When ArcelorMittal’s takeover of Ilva is complete, the combined entity will control some 30% of European flat-rolled steel production, up from 26.5% for ArcelorMittal now. While Tata Steel’s proposed and much-delayed merger with ThyssenKrupp’s steel division — currently Europe’s second-largest steel producer — would raise their combined market share for hot-rolled flat products to over 20%.

Steel prices are already up nearly 60% from the bottom in 2015 on the back of improved recovery in steel demand and a gradual increase in anti-dumping legislation restricting some types of steel imports into Europe. Producers would like to see this go a lot further, of course, but consumers are fighting to keep the import market open, fearing — with some justification — that more action will reduce competition and result in significantly higher prices.

Free Download: The July 2017 MMI Report

For the first time in years, steelmakers at least seem to have a plan and are actively pursuing it. Whether that plan is to the eventual benefit or detriment of consumers remains to be seen — but a healthier domestic steel industry must certainly be advantageous to all.

Indian billionaire Anil Agarwal’s audacious purchase of 13% of mining giant Anglo American PLC  took the stock markets by surprise last week. But Agarwal, chairman of London-listed Vedanta Resources is known for his bold and sometimes seemingly counter-intuitive acquisitions.

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Agarwal has bought the shares in the name of his family trust Volcan, saying it is just an investment in a “great company with excellent assets,” stating that he had no immediate plans to launch a takeover, according to the Financial Times.

No one believes him, of course, or at least not the part about it just being an investment in a great company with excellent assets. True, the prospect of Agarwal’s Vedanta with a market cap of $2.99 billion, being able to takeover Anglo-American with a market cap of  $20.84 billion (£16.7 billion) is verging on the absurd, but the truth is Agarwal is probably more interested in a seat on the board and the opportunity to influence Anglo-American’s future in South Africa than seriously taking over a group that is seven times the size of his own.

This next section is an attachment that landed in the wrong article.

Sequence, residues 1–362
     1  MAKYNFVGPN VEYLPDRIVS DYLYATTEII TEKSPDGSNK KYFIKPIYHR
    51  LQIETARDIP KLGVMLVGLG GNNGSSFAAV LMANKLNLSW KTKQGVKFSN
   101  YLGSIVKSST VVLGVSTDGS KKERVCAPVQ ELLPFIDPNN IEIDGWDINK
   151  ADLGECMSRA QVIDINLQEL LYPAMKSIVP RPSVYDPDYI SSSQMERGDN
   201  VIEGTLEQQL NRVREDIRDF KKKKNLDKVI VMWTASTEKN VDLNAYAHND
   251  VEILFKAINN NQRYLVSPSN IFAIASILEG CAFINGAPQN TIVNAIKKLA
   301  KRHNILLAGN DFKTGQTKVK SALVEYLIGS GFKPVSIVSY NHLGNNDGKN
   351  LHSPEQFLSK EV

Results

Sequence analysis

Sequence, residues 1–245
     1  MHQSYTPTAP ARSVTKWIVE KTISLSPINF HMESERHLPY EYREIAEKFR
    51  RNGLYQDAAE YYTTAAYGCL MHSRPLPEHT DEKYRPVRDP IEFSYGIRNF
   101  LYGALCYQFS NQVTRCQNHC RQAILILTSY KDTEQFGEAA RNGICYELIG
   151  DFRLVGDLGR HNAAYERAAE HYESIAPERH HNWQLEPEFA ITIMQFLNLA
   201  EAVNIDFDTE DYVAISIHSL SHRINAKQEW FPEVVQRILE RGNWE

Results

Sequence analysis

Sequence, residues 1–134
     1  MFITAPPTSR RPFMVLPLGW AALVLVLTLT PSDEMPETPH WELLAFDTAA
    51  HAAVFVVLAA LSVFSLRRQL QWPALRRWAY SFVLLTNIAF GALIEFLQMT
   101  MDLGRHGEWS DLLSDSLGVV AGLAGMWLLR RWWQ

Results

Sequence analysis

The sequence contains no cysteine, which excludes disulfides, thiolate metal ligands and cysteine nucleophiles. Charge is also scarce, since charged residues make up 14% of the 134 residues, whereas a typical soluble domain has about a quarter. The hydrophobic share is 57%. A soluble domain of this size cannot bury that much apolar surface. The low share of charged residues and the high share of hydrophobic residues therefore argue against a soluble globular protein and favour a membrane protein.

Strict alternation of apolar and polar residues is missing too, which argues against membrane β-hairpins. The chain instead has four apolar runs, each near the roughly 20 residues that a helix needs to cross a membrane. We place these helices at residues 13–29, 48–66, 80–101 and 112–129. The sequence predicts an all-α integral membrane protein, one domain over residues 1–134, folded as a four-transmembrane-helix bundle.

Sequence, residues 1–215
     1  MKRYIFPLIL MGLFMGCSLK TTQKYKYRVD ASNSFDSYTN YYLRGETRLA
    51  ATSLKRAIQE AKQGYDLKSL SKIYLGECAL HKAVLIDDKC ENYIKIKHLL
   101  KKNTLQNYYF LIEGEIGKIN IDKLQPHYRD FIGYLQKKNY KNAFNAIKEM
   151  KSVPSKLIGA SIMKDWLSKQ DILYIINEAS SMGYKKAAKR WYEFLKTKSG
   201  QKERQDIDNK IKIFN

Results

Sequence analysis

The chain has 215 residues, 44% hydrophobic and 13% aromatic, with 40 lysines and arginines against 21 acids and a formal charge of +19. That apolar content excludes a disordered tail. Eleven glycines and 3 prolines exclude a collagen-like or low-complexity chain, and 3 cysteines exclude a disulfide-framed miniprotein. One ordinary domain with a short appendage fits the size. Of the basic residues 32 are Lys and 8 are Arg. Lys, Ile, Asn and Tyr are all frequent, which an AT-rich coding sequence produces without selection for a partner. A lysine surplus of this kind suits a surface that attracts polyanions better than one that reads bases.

Source: Financial Times

Anglo-American has made no secret of its desire to divest some of its more troublesome South African investments.

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The political instability and red tape in South Africa has caused the miner problems in recent years and Anglo has already sold two assets to Vedanta including the Gamsberg zinc project in the Northern Cape which Vedanta should bring to production next year. Read more

Late last week, Indian media was rife with reports of Vedanta Resources PLC Chairman Anil Agarwal making a “surprise” bid for about 13% of mining giant Anglo American PLC for $2.4 billion, even as the British newspapers headlined the development as a “raid.” Anglo American owns De Beers, one of the world’s largest diamond exploration and mining companies.

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The move to acquire the shares was made through Agarwal’s personal investment firm Volcan Investments in London.